Opinion: Exodus Transitional Community deserves a second chance

The organization has suffered criticism that shows a double standard in punishing nonprofits led by and made up mostly of formerly incarcerated individuals

Exodus Transitional Community founder Julio Medina speaks with Julio Cancel, a formerly incarcerated person, during a criminal justice related roundtable at the nonprofit's office in East Harlem in 2019.

Exodus Transitional Community founder Julio Medina speaks with Julio Cancel, a formerly incarcerated person, during a criminal justice related roundtable at the nonprofit's office in East Harlem in 2019. Michael Appleton/Mayoral Photography Office

The idea of second chances is a fundamental aspect of our legal system and one that should be extended beyond just the legal system. After all, second chances are what give us the opportunity to grow, learn from our mistakes, and make a positive impact on the world around us. Unfortunately, there are times when society forgets this basic principle, and individuals or groups are punished too severely for a single mistake.

The recent situation with Exodus Transitional Community, a five-star non-profit organization, as rated by Charity Navigator, is a prime example of society forgetting the basic principle of second chances. Exodus Transitional Community has helped countless incarcerated and formerly incarcerated individuals turn their lives around and become productive members of society. They have hired thousands of people, provided housing, formed leading successful crime prevention programs, and created a culture of work ethics that has helped break the cycle of poverty and incarceration for many. Few organizations have had a more positive impact on public safety or a more pristine record than theirs. There's no denying that Exodus is widely regarded as a premier justice social service agency around the country.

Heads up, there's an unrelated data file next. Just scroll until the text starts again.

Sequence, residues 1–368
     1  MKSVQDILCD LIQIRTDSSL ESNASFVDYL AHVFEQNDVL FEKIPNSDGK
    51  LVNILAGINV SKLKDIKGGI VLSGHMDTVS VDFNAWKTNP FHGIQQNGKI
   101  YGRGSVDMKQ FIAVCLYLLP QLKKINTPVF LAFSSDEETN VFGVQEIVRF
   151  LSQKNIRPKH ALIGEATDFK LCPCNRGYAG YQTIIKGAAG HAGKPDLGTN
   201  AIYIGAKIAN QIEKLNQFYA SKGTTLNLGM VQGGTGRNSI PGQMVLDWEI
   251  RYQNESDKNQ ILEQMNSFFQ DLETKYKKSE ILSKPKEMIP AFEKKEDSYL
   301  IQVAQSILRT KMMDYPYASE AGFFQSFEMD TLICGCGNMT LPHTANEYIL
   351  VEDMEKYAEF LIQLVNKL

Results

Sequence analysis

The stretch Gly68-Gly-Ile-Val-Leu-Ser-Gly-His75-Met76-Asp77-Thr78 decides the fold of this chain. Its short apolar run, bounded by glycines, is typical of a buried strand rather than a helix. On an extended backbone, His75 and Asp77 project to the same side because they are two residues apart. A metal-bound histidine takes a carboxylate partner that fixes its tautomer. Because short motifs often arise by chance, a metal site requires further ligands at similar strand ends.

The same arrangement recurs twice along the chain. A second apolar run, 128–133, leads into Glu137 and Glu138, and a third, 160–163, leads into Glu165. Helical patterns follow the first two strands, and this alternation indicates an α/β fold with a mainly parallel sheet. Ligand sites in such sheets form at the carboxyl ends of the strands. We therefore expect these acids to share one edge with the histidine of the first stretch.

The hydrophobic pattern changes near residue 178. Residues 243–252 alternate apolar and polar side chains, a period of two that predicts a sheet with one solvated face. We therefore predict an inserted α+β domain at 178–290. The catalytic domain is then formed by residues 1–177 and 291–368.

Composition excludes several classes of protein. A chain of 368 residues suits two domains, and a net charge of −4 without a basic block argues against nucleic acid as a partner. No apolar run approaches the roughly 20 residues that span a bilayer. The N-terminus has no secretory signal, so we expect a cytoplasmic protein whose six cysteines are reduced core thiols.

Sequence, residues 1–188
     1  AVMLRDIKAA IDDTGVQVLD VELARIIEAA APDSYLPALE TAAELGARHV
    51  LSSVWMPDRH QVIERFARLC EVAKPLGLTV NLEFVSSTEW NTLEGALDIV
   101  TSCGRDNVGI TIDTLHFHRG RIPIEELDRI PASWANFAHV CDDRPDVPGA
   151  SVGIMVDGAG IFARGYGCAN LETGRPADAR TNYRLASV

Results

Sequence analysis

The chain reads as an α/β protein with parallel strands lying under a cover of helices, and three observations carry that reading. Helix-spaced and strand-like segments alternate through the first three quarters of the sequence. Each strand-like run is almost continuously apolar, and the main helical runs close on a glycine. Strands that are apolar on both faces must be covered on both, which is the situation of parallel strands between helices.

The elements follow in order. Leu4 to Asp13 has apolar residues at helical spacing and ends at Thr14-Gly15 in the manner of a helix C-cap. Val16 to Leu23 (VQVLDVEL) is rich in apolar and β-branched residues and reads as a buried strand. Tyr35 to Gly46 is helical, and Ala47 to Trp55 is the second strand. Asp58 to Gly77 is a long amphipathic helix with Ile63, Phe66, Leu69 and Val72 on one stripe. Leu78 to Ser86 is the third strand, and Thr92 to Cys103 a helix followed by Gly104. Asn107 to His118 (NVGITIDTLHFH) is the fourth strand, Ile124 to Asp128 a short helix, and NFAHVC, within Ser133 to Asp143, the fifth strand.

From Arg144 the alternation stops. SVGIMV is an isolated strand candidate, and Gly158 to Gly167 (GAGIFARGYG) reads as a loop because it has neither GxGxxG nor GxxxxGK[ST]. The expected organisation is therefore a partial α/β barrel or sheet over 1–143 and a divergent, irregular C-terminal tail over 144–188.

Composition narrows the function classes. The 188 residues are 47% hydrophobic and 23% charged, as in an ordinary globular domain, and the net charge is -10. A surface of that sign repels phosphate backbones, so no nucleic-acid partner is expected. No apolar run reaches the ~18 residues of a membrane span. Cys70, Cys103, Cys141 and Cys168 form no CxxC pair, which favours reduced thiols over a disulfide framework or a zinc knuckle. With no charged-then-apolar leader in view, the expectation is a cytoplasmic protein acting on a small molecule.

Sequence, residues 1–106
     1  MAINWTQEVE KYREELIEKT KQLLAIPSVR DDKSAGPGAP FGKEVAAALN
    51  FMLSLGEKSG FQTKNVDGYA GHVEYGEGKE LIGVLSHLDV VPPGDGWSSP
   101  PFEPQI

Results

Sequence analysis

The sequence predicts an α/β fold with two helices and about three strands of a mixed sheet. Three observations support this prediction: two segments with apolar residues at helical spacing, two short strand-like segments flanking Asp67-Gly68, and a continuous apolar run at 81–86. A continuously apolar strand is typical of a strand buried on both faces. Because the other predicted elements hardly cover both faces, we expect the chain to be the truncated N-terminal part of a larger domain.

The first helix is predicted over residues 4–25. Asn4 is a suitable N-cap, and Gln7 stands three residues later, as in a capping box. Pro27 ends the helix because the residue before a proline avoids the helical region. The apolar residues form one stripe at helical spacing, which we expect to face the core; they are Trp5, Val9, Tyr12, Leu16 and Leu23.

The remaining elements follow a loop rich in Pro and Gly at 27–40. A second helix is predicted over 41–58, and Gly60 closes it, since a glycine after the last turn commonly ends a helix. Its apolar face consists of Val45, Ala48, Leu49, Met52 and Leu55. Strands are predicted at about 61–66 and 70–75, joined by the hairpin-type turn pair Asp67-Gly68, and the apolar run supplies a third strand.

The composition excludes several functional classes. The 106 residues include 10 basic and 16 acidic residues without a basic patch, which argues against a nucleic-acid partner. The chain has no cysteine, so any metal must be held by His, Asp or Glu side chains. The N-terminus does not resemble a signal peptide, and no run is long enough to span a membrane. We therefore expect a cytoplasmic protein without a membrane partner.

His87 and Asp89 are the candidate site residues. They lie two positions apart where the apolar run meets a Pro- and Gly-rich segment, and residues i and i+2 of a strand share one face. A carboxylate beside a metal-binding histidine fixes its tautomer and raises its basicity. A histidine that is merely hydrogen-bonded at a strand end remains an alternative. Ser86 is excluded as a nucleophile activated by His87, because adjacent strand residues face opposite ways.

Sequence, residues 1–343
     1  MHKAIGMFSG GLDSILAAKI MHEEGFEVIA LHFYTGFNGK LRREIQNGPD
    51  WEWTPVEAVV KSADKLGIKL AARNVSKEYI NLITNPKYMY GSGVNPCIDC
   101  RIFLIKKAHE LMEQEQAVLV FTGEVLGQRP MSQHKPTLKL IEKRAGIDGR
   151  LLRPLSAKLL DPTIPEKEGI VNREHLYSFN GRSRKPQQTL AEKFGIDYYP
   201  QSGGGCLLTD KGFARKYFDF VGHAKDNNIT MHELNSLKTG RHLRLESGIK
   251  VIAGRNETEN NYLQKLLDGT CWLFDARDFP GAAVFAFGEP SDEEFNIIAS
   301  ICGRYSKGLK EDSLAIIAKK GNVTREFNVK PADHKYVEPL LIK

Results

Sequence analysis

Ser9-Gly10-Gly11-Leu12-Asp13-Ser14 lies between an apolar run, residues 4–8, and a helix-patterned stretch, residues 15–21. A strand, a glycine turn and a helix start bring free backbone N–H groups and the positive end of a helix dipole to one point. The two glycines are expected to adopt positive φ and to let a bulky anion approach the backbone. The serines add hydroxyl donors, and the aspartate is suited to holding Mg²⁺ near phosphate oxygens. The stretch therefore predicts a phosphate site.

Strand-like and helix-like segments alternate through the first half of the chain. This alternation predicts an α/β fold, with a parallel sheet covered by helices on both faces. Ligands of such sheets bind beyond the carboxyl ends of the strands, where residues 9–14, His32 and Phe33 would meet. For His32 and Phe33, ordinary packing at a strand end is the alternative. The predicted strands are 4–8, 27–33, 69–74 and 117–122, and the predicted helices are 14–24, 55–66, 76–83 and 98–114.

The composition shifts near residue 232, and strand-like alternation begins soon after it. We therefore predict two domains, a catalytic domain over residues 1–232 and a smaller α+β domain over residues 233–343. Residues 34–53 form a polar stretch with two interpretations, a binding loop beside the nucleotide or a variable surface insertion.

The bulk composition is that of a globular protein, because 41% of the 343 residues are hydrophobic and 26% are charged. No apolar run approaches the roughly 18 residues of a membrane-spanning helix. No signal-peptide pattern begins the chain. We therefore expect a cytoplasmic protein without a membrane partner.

Here are a couple of facts: During the onset of the COVID-19 crisis, Exodus Transitional Community stood out as the only non-profit organization that responded to the mayor’s call for help reducing the population at Rikers. In less than four months, their re-entry hotel program allowed for a safe and rapid decrease in Riker’s population from 5,500 to 3,700. Notably, thanks to the wrap-around services provided by Exodus, crime rates among this population did not increase. Additionally, Exodus was an essential employer during the pandemic, providing jobs for 350 individuals, with 85% of them impacted by the legal system.

Simply put, Exodus fills in with remarkable success precisely where the state and city often fail.

Despite Exodus’ outstanding record and long history of offering work experience, housing, counseling, and a sense of community for formerly incarcerated individuals, the city pulled contracts and urged the founder and CEO Julio Medina to resign when a few employees engaged in misconduct. While it is understandable that the state would want to take action to address the issue of staff misconduct, it seems that there is a double standard at play here that we cannot ignore.